Black leaders protest Florida’s rejection of AP African American studies course
Hundreds gathered for a rally outside of Florida's state Capitol Wednesday to protest against Florida Gov. Ron DeSantis' (R) rejection of a new Advanced Placement African American studies course.
The big picture: Led by prominent civil rights activist Rev. Al Sharpton, demonstrators rejected a number of the governor's plans, including his ongoing feud over the AP curriculum, his slashing of college diversity programs, his migrant relocation plan, and other policies they deemed harmful to the LGBTQ community.
- Black legislators, preachers and activists gathered and threatened to pull their students from Florida schools and universities in response to DeSantis' policies, Tallahassee Democrat reports.
What they're saying: "If you would have studied history long enough, you would have known to mess with us in education always ends in your defeat,” Sharpton told the crowd, per CNN.
- "Our children need to know the whole story … to not only know how bad you were but to know how strong they are. They come from a people that fought from the back of the bus to the front of the White House."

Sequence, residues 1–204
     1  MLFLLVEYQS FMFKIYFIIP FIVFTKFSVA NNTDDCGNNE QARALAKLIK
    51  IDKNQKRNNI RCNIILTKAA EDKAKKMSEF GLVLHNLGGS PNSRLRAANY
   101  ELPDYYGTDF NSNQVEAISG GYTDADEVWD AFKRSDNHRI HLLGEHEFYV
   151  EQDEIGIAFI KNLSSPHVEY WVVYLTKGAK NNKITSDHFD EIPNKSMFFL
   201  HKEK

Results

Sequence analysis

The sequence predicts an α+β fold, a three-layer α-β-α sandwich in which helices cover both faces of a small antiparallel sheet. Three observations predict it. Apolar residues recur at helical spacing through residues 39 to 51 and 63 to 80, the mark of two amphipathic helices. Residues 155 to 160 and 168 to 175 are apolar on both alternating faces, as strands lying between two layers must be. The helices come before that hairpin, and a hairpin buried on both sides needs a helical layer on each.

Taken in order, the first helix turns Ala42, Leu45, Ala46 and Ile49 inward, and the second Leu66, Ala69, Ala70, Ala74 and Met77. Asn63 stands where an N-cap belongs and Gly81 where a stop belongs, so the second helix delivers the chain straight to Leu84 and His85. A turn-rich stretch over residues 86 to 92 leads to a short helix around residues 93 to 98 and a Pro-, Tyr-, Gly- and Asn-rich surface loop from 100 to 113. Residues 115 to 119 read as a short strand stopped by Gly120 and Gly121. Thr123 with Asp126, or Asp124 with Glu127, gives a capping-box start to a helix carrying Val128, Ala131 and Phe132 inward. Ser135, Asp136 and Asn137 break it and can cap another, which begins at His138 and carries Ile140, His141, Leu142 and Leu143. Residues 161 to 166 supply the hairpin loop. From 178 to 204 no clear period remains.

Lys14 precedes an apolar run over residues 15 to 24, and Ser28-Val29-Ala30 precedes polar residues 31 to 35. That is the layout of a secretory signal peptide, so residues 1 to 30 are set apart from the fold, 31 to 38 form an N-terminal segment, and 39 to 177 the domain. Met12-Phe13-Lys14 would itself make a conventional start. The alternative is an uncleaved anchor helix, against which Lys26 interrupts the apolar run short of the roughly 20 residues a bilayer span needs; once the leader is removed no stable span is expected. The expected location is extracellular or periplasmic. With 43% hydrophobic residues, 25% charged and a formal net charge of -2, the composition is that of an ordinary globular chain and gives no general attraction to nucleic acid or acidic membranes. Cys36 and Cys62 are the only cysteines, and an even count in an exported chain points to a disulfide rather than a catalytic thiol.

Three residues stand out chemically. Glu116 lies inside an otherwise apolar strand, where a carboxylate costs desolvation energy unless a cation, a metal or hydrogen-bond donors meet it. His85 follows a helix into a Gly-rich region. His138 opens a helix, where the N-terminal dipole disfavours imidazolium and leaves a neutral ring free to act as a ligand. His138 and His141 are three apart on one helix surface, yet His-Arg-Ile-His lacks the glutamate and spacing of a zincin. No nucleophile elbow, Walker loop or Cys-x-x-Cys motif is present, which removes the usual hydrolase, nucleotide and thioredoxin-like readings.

- "He's doing it for political reasons," Sharpton said of DeSantis. "He's trying to do the Baby Trump thing and come with a new racial divide like he is in some way, going to liberate America from its past."
- DeSantis' office did not immediately respond to Axios' request for comment.
Context: The new AP course received strong backlash from DeSantis and conservative politicians who claimed it teaches critical race theory, a college-level framework that is rarely taught in grade school but is often conflated with teachings on systemic racism.
- DeSantis' administration tried to block the course in January, telling the College Board that is "inexplicably contrary to Florida law and significantly lacks educational value."
- The College Board released its new curriculum for the course, which excluded some of the content that DeSantis had opposed, such as teachings on Black Lives Matter and reparations.
- The decision to exclude certain topics from the finalized curriculum has since faced criticism, with many accusing the College Board of bowing to political pressure, which it rejects.
Go deeper: New Jersey to expand AP African American Studies curriculum